Wednesday, October 22, 2014

How Communications Helped Secure Women's Right to Vote

kdmblogsuffrageWith all the fanfare surrounding the social and digital revolution, it’s easy to forget that communities, content creation and conversation are nothing new.  They’ve always been among the most powerful tools in the PR toolkit. 

A perfect example of this is represented by the photo at left, from the collection of the Library of Congress.  The picture features Lucy Branham, a leading American suffragist, who had been arrested in 1917 for demonstrating in support of women’s right to vote.  Here, she is, two years later, wearing prison garb and a suffragist sash as she addresses a large crowd during the "Prison Special" train tour.

According to a fascinating article by Erin Blakemore in mental_floss, “The Prison Special: One Last Push for Women's Suffrage” 

“By the end of World War I, the suffrage movement was battered and bruised. There were divisive splits between militant Nineteenth Amendment supporters and those who felt women could ‘earn’ suffrage through milder means. Suffragists were bitterly excoriated in the media and blacked out by a coalition of press and politicians tired of the suffragists' antics. They were beaten and mocked by crowds unsympathetic to the cause. Worse still, they were imprisoned in large numbers, for reasons imaginary and unimaginable.”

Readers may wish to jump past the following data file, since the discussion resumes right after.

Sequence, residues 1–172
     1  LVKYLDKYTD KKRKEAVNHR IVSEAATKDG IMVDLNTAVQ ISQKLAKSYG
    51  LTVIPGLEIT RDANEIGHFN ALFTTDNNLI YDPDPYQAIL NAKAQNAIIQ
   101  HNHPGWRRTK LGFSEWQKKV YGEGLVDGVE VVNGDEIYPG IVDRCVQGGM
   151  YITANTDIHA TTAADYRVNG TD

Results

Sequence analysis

The suffragists’ ultimate strategy was PR 101:  make one last push for the right to vote by harnessing the power of personal narrative.  Nearly two dozen suffragists boarded their own train at Union Station in Washington, DC, for a five-week, coast-to-coast tour of the United States.  You can see their route herehere.  Their mission?  To shock their listeners by directly sharing their personal stories of the brutality they endured at the hands of prison guards (being kicked, beaten, force-fed and knocked unconscious) and thereby to recruit other women, especially those in the West, to the cause.

It worked…and changed the course of history.    On June 4, 1919, the Nineteenth Amendment passed—by a vote of 56 to 25.